Arch Hellen Med, 30(1), January-February 2013, 67-78
Patient complaints at three public hospitals in Greece: Who cares?
P. Minaki,1,2 E. Samoli,1 M. Theodorou2
OBJECTIVE Evaluation of the process implemented for handling formal written complaints in public hospitals, in the context of effective management, orderly hospital operation and continuous improvement of the quality of the services provided.
METHOD A descriptive study at one specialized and two general university hospitals in the Athens area of all the letters of complaints (n=105), submitted during the period 2008−2010, with their answers (n=78), where given. Interviews (n=6) were conducted to record the views of the members of the Committees of Citizen Rights Advocacy who handled these complaints. In data analysis were used both quantitative and qualitative methods.
RESULTS The complaints had been submitted in approximately equal proportion by patients (51.4%) and relatives of patients (48.6%), and were related mainly to the outpatient clinics (40.4%), and the medical (16.4%) and emergency (9.6%) departments. Major sources of dissatisfaction leading to complaint submission were the ineffective framework of administrative procedures (32.1%), the inappropriate behavior of staff (24.7%), the inadequate medical and nursing care of patients (21.8%), the poor communication between the hospital and the users (20.6%) and the excessive waiting time (19%). Almost half of the complainants wanted the incident to become known at a higher level of administration, with nearly 6 in 10 demanding measures to be taken in order to solve the indicated problems or punish the hospital staff named as offenders. In terms of management, it was found that the majority of complainants had received a response, but it appeared to be no clear intent of the hospital to solve the problem or take specific corrective action. Hospital managers usually deny or contradict serious allegations and, in addition, the committees responsible for complaints management appear to be reluctant to clearly recommend sanctions against putative perpetrators.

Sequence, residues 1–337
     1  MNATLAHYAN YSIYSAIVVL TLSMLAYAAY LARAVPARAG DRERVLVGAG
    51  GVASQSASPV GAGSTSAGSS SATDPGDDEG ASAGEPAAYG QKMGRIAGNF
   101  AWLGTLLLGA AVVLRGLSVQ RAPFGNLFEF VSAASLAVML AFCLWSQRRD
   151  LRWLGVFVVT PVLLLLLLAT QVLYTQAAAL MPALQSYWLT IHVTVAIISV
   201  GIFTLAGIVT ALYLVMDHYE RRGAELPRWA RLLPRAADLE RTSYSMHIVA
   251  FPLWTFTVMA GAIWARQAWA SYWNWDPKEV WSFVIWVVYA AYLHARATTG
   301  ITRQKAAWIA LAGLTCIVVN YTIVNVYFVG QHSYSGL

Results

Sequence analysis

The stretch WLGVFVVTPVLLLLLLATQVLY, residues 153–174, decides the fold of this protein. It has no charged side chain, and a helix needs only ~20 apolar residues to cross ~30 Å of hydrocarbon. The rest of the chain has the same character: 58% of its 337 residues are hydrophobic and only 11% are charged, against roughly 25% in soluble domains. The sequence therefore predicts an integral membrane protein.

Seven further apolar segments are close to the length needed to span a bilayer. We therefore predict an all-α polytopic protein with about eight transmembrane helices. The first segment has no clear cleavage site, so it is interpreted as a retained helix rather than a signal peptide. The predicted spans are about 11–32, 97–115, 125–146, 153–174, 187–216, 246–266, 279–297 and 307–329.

CONCLUSIONS This particular method of complaints handling does not appear to work, neither as a tool for system feedback and effective management, nor as a means of the complainants' relief. Conversely, it corroborates an authoritarian mechanism which does not sufficiently respect the patients and their relatives and does not learn from its mistakes, as it fails to recognize them.
Key words: Greece, Patient complaints management, Public hospitals.